The opposite of faith as faithfulness, of course, is unfaithfulness. In the Biblical tradition there are some harsh metaphors for this. One of the most common metaphors for unfaithfulness to the relationship with God is adultery. Most often in the Bible when the prophets or Jesus talk about adultery, a sinful and adulterous generation and so forth, they are not talking about human sexual behavior. They are talking about a lack of faithfulness to the relationship with God.
An even harsher word, perhaps, in the Biblical tradition for infidelity to God is "idolatry." Idolatry for the most part has very little to do with worshiping statues. Idolatry means being faithful to something other than God, to give one's loyalty or have one's center be in something other than God. Faith as faithfulness to the relationship is profoundly transformative. If we are intentional about a deepening relationship with God, which means, very simply, things like worship and prayer and reminding ourselves of the reality of God in the dailyness of our lives, if we are faithful to that relationship, it will not leave us unchanged.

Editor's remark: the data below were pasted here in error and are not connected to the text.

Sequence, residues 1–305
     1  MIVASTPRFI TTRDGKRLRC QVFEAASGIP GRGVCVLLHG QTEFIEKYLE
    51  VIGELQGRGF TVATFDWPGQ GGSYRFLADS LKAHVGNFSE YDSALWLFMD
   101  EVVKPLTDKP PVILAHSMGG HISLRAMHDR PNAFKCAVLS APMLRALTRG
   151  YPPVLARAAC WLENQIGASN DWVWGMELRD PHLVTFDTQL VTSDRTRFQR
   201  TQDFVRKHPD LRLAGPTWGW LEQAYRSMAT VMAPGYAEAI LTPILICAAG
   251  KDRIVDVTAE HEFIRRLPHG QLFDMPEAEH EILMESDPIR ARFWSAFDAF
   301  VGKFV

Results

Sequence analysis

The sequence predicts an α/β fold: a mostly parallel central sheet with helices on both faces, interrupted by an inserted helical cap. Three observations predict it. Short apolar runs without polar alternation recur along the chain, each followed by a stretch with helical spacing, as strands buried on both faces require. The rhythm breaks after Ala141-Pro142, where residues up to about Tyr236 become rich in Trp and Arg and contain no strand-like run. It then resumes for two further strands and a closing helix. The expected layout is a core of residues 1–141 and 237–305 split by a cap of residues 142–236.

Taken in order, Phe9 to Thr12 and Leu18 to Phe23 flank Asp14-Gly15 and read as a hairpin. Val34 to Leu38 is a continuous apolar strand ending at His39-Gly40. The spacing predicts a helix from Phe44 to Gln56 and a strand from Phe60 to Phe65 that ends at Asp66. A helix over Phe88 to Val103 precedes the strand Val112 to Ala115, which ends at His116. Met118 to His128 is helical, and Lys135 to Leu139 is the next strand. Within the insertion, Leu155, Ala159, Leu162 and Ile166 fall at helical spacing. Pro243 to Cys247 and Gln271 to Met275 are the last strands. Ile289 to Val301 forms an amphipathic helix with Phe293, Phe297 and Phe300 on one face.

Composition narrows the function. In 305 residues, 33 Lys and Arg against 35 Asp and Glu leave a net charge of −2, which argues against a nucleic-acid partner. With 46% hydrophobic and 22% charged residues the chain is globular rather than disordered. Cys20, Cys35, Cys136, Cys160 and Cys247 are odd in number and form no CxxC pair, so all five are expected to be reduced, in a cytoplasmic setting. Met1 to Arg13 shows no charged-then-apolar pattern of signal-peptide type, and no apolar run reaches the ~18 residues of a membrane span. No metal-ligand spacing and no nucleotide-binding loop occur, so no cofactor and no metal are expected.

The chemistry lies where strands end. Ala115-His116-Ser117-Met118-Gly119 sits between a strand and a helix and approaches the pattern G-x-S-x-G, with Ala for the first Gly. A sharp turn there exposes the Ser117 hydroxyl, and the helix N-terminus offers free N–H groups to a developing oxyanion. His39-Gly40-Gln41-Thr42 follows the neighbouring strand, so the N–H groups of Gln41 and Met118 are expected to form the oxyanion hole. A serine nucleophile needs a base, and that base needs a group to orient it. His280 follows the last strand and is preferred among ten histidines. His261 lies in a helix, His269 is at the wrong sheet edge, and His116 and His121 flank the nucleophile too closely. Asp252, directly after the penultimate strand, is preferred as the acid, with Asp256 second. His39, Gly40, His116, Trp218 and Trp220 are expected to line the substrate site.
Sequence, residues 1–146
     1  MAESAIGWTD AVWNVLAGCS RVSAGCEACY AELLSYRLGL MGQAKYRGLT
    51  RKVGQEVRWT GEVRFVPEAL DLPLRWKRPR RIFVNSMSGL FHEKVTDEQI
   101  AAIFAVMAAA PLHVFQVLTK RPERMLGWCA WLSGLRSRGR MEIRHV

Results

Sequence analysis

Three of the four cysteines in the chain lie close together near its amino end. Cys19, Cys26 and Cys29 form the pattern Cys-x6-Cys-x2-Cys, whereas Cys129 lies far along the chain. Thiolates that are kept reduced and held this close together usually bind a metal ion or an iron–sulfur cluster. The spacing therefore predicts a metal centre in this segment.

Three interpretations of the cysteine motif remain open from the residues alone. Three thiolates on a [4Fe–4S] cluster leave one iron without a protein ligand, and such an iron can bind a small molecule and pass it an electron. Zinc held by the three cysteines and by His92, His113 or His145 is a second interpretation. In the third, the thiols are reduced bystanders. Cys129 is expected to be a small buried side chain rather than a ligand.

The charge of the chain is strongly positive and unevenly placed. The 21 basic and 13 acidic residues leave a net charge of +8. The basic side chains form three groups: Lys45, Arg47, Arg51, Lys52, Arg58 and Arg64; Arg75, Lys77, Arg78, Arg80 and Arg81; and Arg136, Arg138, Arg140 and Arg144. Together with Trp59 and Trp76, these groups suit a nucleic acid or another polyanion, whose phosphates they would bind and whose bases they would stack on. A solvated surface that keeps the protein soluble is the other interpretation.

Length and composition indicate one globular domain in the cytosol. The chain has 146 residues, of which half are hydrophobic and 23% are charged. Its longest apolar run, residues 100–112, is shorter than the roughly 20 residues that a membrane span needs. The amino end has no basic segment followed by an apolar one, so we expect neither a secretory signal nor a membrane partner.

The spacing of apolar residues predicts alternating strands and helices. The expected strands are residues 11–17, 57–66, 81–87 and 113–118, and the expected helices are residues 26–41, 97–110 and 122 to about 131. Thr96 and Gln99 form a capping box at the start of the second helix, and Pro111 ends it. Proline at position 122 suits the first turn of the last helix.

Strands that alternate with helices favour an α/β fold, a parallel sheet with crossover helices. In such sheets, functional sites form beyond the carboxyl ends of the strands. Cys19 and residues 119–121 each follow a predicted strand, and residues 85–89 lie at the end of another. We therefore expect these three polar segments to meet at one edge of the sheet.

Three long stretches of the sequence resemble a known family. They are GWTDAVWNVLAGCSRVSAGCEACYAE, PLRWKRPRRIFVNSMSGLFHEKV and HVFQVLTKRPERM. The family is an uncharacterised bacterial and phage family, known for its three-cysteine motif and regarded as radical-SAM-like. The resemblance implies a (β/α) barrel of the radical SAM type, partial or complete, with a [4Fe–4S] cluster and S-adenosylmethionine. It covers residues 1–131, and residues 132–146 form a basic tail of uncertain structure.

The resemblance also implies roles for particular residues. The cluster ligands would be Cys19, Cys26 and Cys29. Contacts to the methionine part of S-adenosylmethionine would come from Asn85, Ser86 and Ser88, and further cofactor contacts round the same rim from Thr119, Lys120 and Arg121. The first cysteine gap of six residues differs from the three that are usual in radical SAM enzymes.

The third meaning of faith in the Christian tradition is faith as in the Latin term fiducia. It's like the English word "fiduciary" but without the "ry" at the end. The English equivalent of faith as fiducia is faith as trust. Faith as radical trust in God, not trust in statements about God, but trust in God. We perhaps see the meaning of this notion of faith most clearly by going immediately to its opposite.